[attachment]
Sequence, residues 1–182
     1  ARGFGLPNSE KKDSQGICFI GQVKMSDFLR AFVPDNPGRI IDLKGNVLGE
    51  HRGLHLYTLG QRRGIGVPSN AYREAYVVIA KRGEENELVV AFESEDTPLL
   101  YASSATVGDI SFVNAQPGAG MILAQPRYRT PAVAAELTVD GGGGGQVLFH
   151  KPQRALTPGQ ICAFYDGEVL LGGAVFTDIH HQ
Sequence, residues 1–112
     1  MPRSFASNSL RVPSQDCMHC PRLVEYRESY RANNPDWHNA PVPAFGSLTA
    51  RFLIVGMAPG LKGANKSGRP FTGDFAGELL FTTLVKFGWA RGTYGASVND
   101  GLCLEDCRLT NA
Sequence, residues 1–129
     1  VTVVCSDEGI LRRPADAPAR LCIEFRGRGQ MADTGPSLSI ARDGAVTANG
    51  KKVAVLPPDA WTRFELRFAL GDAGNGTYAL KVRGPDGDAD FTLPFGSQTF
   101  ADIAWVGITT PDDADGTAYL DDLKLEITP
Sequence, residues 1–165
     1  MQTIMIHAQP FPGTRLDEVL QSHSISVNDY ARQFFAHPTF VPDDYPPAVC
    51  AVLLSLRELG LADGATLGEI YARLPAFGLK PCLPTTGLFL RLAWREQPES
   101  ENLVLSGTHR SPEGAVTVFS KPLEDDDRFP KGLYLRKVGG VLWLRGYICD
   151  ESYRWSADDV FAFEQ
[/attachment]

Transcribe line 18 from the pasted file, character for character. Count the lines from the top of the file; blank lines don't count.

   151  ESYRWSADDV FAFEQ